let hope you are correct... I unloaded 6-7% yesterday, wanted 10, but there were not enough buyers at 0.185 post peak... keeping the rest, expecting some development
envy your "not worried at all"... I probably made a mistake but just sold half of my positions for 30% profit. have some gut feelings there will be a "meeting sell off" today. otherwise, yes, it will go up, but time matters.
thank you. it worked.
using contrarian tactics, I got too early out of gold and still eating my b_lls... anyway, whish you good luck.
it smells a correction is going to happen -- oil up or gold down or both... back to 15 b per oz, but who knows what else exuberance could happen. it also depends on the dollar
as the rally is purely technical, you might be right. it broke 10-day average and if it stays below until tomorrow, yes, but there is chance to repair and continue the momentum
hopefully, you are correct this time. it's been quite long base with low volume on downsides
yep, you are correct. there are huge players with billions of dollars and they use all psychological deceiving mechanisms to the last dollar of normal people. it's the game... use it or loose it.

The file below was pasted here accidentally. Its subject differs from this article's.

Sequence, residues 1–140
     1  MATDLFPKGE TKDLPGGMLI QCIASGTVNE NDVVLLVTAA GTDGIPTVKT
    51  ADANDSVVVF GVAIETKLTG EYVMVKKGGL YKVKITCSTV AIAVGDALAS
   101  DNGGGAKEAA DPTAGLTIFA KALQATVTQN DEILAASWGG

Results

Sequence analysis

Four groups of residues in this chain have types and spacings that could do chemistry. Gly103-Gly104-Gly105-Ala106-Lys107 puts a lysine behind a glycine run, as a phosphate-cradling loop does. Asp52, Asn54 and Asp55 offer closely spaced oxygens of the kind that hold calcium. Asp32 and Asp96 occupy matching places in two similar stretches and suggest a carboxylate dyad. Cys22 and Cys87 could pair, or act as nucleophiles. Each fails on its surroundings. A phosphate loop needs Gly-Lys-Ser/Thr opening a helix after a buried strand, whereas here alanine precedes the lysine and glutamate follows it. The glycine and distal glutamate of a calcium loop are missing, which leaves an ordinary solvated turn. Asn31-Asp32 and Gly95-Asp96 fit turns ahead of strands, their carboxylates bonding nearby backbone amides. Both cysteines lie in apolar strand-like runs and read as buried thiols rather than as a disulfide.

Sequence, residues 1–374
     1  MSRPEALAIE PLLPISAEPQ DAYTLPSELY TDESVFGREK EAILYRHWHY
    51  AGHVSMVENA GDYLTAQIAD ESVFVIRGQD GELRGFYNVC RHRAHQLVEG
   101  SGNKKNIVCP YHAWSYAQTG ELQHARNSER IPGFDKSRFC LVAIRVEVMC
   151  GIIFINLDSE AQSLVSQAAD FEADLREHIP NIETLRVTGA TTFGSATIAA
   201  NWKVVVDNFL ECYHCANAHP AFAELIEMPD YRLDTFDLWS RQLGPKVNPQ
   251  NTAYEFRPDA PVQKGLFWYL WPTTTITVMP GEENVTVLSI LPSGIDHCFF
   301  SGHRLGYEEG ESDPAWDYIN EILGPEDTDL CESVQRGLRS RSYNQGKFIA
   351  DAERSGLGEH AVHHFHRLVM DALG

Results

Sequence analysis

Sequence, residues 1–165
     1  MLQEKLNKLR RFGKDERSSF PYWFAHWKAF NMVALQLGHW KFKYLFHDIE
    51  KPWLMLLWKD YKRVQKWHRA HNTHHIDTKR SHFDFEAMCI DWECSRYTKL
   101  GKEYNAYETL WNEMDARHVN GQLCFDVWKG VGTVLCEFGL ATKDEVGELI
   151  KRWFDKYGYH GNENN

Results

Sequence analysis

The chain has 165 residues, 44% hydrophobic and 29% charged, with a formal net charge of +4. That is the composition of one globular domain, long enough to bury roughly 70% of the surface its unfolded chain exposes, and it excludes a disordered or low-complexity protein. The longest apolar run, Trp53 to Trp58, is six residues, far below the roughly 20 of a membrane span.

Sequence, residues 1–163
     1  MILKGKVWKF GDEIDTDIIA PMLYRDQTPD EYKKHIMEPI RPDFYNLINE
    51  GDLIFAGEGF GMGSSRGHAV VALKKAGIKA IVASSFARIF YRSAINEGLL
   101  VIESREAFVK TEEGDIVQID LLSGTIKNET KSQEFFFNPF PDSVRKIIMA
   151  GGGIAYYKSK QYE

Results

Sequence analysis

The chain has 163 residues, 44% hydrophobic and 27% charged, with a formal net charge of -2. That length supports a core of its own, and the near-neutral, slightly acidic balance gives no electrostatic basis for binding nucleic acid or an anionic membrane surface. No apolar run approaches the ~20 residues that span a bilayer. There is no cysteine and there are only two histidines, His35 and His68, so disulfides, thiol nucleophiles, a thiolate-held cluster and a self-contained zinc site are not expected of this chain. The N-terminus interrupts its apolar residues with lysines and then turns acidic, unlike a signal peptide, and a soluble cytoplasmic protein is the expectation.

paul, I was sarcastic this time. do not believe the oil appreciation is over yet. not at least until gold is running up at such ratio to oil
it smells like release of tension to me -- the nervous folks sell... but can be wrong of course.
the ratio of gold to oil price is about 2.5x the historical one: thus, oil seems cheep and has to go up. but of course it all goes through the dollar, so go figure it out.
Ray of Hope
However, the end of the tunnel for the E&P space seems to be drawing to a close. According to a report by UBS AG ( UBS), oil is slated to recover to $55 per barrel from the current $34 per level in a year. However, the report is also apprehensive of a spike in international oil supply, which the agency feels would only delay the recovery.
here is portion of news covering the subject:
"Under the old system, (gold) backed up currencies,” Lee explained. “The U.S. dollar was tied to gold. One ounce was worth US$35. Then in 1971, for lots of reasons I won’t get into, Richard Nixon took the United States off the gold standard.”
Gold and dollars were interchangeable until that point, he said, but in the modern financial world, the metal is no longer considered a form of currency. “It is a precious metal, like silver … they can be sold like any asset.”
The amount of gold the Canadian government holds has therefore been falling steadily since the mid-1960s, when over 1,000 tonnes were kept tucked away. Half of those reserves were sold by 1985, and then almost all the rest were sold through the 1990s up to 2002.
By last year, Canada’s reserves were down to just three tonnes, and the latest sales have now halved that. At the current market rate, the value of 1.7 tonnes of gold comes in at just under CAD$100 million, barely a drop in the bucket when you consider the broader scope of federal finances.